Tuesday, March 27, 2007

Who gets the tax exemption?

The IRS says that the custodial parent gets the tax exemption for the children unless a court orders a waiver of the exemption. In my practice this issue has not been a complicated one. My cases fall into tow categories: 1) the custodial parent lacks employment and the exemption has no use for her or 2) the non-custodial parent is behind in support and the court will not reward the failure to pay child support with the tax exemption. What I have yet to see are two parents with good jobs fighting over the tax exemption.

However, Indiana has just such a case: Harris v. Harris, 800 N.E.2d 930 (2003) (Html format). Father lost his attempt to get the tax exemption. The Indiana Court of Appeals looked to Indiana's Child Support Guideline for the minimum factors the trial courts are to consider in these cases:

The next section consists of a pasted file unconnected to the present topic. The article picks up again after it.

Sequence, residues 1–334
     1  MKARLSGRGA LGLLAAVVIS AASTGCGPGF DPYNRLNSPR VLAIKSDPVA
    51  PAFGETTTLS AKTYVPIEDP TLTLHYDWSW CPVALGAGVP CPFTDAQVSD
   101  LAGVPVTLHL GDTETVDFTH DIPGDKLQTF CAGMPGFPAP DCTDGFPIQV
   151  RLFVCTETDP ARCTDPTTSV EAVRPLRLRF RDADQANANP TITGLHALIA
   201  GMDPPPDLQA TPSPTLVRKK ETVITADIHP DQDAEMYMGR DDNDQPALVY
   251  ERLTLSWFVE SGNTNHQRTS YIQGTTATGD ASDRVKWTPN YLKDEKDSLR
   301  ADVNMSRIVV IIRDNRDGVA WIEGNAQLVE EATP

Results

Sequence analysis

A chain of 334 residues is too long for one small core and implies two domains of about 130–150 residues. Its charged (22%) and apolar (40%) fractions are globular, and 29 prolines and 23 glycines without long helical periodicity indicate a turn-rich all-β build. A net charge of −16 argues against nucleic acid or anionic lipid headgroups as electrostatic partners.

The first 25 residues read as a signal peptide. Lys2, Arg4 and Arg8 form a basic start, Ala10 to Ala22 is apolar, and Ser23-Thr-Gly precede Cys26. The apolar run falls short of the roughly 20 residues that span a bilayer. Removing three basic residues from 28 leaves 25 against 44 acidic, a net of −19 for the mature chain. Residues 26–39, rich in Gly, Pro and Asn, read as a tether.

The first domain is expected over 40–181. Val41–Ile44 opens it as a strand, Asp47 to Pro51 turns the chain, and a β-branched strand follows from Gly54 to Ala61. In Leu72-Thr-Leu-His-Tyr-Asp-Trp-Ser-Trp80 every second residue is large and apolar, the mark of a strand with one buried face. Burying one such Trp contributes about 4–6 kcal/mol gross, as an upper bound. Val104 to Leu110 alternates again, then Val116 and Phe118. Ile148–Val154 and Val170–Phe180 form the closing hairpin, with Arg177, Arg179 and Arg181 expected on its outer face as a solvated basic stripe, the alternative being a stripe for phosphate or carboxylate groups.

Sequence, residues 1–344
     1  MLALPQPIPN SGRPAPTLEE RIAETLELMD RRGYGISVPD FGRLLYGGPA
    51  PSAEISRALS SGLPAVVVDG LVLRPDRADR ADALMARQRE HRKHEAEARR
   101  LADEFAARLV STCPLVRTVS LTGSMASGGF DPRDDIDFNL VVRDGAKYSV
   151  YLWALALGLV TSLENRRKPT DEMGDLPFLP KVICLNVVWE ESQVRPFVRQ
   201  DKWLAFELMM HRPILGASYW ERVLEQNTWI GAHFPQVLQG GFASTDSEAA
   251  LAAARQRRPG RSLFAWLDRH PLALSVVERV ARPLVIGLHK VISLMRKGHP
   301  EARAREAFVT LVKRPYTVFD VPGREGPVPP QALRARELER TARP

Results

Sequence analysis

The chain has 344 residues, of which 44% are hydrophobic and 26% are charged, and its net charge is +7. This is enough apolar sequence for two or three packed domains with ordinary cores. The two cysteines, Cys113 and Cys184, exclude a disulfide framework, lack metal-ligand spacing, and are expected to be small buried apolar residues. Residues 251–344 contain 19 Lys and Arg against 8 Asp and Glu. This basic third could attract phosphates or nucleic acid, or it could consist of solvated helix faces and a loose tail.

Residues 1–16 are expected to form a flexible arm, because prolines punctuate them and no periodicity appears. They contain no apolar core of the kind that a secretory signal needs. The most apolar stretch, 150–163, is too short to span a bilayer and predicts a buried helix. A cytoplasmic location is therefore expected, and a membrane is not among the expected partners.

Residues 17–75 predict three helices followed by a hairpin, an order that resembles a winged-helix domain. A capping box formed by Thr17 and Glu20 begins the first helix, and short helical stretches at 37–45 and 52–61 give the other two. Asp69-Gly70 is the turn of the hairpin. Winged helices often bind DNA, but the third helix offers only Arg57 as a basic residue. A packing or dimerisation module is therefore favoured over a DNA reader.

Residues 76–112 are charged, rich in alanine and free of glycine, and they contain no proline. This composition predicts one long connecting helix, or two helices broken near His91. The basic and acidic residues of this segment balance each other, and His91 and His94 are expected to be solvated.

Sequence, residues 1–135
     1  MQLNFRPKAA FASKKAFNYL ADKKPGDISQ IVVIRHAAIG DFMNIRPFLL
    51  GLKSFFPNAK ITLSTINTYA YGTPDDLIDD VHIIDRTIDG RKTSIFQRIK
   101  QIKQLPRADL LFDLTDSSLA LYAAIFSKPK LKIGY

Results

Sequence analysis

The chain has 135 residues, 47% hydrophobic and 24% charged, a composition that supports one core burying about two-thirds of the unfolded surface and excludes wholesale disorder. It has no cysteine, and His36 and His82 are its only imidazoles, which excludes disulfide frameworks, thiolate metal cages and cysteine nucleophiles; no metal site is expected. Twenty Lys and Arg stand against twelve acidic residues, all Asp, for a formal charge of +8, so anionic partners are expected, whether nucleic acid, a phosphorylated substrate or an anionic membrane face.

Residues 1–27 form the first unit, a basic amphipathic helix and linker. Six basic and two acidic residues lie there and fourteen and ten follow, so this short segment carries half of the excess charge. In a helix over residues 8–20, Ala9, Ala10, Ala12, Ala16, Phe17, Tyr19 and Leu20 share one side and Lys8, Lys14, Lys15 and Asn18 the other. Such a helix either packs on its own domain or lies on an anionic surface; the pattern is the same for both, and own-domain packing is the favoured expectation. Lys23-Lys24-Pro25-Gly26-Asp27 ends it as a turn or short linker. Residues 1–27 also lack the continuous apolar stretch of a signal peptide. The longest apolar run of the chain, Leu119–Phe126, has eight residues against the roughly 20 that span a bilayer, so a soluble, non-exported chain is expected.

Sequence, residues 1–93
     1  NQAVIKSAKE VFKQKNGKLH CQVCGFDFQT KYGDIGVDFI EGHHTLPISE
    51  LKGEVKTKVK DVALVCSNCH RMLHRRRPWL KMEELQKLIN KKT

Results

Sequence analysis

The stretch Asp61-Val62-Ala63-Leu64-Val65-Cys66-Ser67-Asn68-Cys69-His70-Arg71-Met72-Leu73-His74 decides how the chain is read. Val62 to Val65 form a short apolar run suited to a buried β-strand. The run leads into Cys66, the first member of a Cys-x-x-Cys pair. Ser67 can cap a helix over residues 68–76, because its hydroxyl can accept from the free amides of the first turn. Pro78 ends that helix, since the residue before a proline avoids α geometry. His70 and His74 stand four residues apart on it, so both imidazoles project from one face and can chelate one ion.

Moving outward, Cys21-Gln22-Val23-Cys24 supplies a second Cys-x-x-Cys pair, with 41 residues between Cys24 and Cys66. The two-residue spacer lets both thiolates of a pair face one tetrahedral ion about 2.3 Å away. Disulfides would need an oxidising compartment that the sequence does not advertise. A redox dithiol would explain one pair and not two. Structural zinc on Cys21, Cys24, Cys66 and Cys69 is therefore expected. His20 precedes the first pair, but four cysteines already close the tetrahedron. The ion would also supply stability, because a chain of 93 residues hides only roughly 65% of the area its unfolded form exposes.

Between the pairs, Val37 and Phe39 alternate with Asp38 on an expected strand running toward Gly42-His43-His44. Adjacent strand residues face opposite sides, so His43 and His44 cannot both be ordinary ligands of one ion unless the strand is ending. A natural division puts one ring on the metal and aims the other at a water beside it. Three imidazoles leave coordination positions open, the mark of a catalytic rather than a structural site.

(1) the value of the exemption at the marginal tax rate of each parent;
(2) the income of each parent;
(3) the age of the child(ren) and how long the exemption will be available;
(4) the percentage of the cost of supporting the child(ren) borne by each parent; and
(5) the financial burden assumed by each parent under the property settlement in the case.
Child Supp. G. 6.
Father failed "...to specifically demonstrate the tax consequences to the parties if the exemption were transferred and, most importantly, how such transfer would benefit the children."

I see one key problem for the non-custodial parent in these close cases. Determining how the children benefit from a non-custodial parent having the tax exemption seems in the abstract to be a tough nut to crack. First, the non-custodial parent needs to be ready to pay for crunching numbers and counsel needs to be prepared to crunch those numbers. Second, the numbers need presented in such a way that the judge understands their significance.

The best solution? The parties agree to alternate the tax exemption.

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